Friday, May 27, 2011

Sen. John Carona defends controversial HOA rule | Dallas - Fort Worth

Sen. John Carona defends controversial HOA rule | Dallas - Fort Worth
Interesting viewing, because you get to see Carona deny that his policy is to have the attorney fees paid first and the association get its money sixth, then when the reporter tries to show him his own company's documents stating that policy, Carona flees, and has the reporter thrown out.

1 comment:

Anonymous said...

"Before he ended the interview, Carona said people make a conscious decision to join an HOA"

And there, in a nutshell, is evidence that Republicans -- and the conservatives, libertarians, and Ayn Randians who agree with this statement -- have as much a grasp on the real-world consequences of their theories as your typical college campus communist wearing a Che Guevara t-shirt driving around in a Prius sporting a "Hope and Change" bumper sticker.

People make a conscious decision to buy a house. As realtors often say, that decision is based on "location, location, location." Unless advocates produce some polling data otherwise, I have yet to see any evidence that consumers "make a conscious decision to join an HOA".

Some fine print in a unilaterally amendable document called a contract handed to them in the stack of papers at closing, which often only refers to a deed restriction that is publicly filed with the county offices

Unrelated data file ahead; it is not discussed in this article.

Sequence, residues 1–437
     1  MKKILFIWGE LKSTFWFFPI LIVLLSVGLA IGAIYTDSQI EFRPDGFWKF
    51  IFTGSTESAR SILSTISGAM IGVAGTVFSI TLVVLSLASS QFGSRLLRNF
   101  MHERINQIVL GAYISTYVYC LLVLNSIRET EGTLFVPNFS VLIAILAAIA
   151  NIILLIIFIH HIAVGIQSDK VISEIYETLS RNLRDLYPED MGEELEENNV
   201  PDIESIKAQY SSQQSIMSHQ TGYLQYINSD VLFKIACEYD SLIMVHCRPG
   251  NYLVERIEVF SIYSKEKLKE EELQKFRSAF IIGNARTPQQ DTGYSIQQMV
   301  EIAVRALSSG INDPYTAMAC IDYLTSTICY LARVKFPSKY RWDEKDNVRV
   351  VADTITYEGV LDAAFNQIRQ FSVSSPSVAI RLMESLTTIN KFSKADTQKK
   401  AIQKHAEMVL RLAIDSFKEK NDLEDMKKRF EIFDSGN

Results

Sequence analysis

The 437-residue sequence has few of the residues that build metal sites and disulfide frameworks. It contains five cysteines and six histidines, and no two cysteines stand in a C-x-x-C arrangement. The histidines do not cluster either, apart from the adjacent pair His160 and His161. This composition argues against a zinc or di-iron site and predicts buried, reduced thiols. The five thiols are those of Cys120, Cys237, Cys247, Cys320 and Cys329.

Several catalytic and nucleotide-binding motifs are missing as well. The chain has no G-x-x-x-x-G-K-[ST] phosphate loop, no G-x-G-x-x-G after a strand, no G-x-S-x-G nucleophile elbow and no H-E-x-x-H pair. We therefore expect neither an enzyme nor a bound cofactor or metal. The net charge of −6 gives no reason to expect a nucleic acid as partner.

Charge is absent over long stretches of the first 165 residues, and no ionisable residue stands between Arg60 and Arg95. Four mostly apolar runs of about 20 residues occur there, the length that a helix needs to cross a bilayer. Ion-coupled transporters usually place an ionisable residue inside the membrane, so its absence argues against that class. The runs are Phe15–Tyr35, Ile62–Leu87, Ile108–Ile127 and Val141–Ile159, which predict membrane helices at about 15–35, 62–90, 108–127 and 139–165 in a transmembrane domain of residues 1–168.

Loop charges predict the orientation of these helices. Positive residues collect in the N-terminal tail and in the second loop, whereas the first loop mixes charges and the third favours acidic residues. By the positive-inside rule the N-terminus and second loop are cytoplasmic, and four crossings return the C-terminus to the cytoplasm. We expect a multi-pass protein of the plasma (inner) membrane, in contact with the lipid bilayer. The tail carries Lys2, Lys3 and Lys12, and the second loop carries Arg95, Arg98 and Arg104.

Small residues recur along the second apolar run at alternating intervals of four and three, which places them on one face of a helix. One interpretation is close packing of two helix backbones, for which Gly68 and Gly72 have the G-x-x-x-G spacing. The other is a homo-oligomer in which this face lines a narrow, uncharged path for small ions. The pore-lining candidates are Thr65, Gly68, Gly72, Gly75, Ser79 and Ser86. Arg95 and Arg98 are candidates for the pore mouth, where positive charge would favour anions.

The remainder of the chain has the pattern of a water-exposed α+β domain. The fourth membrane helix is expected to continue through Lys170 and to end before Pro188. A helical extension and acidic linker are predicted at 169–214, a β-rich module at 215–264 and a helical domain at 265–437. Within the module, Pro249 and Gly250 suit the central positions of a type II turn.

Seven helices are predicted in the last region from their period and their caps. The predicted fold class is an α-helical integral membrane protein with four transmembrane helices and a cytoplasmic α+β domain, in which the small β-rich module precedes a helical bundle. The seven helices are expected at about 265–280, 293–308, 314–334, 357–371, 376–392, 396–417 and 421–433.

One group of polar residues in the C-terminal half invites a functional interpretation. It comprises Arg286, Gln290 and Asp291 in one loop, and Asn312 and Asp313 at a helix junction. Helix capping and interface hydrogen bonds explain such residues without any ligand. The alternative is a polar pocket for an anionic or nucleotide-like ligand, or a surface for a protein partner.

"on display in the bottom of a locked filing cabinet stuck in a disused lavatory with a sign on the door saying ‘Beware of the Leopard’"

does not qualify as "informed consent," and fails other requirements of Rational Choice Theory (PDF) necessary for a free-market to work.

Or do these right-wing communists really believe that people knowingly make their homes forever collateral to whatever debts and liabilities the HOA corporation creates?

...owners are essentially liable for the association’s debts. “What?” you say. Community associations are corporations, and aren’t shareholders protected from corporate obligations? Isn’t that the whole point of a corporation?

Yes, most community associations are corporations ― non profit mutual benefit corporations. But there is a major difference between a community association and the typical business corporation. With a typical corporation the investors’ (shareholders’) liability is limited to the amount of their individual investment. Community associations usually have something more ―lien rights to an individual owner’s separate interest, either a lot or a unit, and the personal obligation of an individual owner for his or her share of assessments.

The assets of an HOA corporation also includes the right to foreclose on a home -- in most states without judicial oversight -- for trivial amounts and reasons by applying HOA dues payments to disputed fines and attorney fees to create more debt for the homeowner -- even after the mortgage is paid off.

Even as corporations, HOAs are a defective product. Long story short: the purpose of a corporation is to protect a shareholder's personal assets from the corporation's liabilities, whereas HOAs endanger them.

The Republican Party must be proud to claim John Carona as one of their own.